Could 2020 Be the Beginning of the End for Tech Giants?

Elizabeth Warren has long been the antitrust candidate of the Democratic Party, and she has made clear her intention is to “break up” large tech giants such as Amazon, Google, and Facebook. (How she plans to do this remains to be seen.) It seems as though Facebook responded to this criticism by deleting Warren’s ads yesterday during the SXSW conference in Austin. The Silicon Valley-based company apologized, blaming an incorrect use of the company’s logo, and restored the ads later that day. A Facebook spokesperson told Politico that the ads would be restored in the interest of “robust debate.”

The irony in this situation does not go unnoticed. Facebook uses consumer data without permission to target specific users, and shows them ads based on what the data reveals to be their preferences. And yet Warren seeks to gain influence and reach voters, so she uses ads on the social media site she wants to break up. It’s confusing, and leaves one wondering who is in the right. Does Warren plan to regulate a social media platform only after she sails to victory? Is Facebook wrong for perhaps trying to censor speech that they find unfavorable to their business practices? Is Facebook a villain for presumably delivering votes to Trump, but a hero for potentially giving a bump to a progressive candidate like Warren?

In spite of the confusion, one thing remains clear: by removing Warren’s ads, even temporarily, Facebook acknowledges its significant role in influencing consumer behavior in election cycles. Despite its repeated statements that Facebook is a neutral party guided merely where the invisible hand of the market leads it, it seems the opposite is true.

Whatever the reason for Facebook’s deleting of Warren’s ads, the tension between government and the tech sector seems to be rising, with no end in sight. Facebook still allows ads, regardless of hateful or untrue content, to target vulnerable communities that may be more susceptible to incendiary content that is not grounded in empiricism. They also permit unorthodox groups like the Flat Earth society and anti-vaccination believers to build communities around non-scientific beliefs that could potentially cause public health crises and erode trust in America’s institutions.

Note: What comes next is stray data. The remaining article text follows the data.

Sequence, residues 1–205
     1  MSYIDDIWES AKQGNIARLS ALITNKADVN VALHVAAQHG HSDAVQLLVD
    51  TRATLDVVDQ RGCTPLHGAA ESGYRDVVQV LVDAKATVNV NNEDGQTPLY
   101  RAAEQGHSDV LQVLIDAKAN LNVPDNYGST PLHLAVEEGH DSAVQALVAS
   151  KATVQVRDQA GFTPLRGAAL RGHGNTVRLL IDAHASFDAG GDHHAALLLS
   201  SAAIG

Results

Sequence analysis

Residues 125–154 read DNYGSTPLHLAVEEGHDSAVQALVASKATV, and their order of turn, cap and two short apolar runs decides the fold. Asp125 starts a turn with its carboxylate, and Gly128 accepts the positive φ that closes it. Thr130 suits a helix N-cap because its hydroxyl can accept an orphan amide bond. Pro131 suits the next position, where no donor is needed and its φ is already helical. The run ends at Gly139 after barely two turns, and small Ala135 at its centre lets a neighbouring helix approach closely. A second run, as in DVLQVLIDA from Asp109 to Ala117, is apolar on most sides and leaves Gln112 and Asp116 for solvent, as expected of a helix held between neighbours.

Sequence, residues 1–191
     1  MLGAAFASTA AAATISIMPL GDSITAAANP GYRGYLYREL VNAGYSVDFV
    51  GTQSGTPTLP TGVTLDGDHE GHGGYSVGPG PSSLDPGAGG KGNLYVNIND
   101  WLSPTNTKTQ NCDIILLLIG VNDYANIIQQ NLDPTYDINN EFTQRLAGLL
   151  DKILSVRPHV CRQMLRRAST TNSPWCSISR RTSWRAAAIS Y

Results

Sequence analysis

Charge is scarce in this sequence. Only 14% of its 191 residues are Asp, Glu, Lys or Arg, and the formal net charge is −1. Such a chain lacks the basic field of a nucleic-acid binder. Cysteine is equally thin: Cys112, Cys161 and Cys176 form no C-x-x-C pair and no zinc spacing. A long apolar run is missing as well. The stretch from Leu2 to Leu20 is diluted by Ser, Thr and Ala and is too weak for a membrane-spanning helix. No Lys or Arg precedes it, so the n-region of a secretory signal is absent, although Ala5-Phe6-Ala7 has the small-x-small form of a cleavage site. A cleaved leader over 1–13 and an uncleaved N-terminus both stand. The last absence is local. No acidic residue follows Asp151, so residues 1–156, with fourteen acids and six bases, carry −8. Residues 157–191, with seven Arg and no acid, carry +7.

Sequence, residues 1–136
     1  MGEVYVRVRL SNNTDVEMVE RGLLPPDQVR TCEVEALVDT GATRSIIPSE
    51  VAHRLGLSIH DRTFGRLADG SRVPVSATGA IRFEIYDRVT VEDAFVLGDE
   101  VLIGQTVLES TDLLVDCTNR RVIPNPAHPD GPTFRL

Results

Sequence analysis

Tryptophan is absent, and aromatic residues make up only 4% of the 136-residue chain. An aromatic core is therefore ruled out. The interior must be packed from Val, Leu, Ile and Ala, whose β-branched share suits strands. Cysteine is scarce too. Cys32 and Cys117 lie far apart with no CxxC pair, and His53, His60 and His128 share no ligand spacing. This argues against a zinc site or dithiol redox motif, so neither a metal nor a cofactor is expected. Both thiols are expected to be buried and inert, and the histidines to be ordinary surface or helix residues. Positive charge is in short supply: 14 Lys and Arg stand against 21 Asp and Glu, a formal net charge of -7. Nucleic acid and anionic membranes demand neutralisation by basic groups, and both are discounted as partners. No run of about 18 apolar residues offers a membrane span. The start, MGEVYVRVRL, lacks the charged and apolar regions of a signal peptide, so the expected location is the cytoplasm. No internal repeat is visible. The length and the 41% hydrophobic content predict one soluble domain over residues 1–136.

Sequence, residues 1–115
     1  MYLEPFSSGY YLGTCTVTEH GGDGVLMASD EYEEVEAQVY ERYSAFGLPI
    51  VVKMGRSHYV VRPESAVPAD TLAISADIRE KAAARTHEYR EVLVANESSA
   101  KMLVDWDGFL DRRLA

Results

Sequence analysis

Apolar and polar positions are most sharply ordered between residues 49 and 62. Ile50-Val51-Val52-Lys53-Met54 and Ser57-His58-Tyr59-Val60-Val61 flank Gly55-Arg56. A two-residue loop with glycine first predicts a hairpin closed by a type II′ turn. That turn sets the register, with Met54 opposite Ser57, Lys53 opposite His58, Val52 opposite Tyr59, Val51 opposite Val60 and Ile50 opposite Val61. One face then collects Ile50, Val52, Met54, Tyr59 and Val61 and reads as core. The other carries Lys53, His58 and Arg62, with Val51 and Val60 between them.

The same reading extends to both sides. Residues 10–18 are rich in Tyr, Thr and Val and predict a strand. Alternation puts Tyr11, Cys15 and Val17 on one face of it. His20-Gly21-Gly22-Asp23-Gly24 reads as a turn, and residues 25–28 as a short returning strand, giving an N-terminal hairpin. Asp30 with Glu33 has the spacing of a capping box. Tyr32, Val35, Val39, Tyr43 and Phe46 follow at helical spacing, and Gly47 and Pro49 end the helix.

In the future, will it be only Facebook’s business practices that will be regulated? Or will the content be regulated as well? These questions may seem abstract with no immediate answers, which is why marketers need to consider them, even if their reach is only a fraction of Facebook’s. No longer can marketers rely on automation to reach potential consumers without considering the consequences of their campaigns. Is the copy making outlandish promises that aren’t grounded in reality? Are ads targeting prospects with information that goes against their best interests for the sake of moving them along the sales funnel? The end of this Facebook privacy saga remains to be seen, but both politicians and voters alike have caught on to the tech giant’s business model.        

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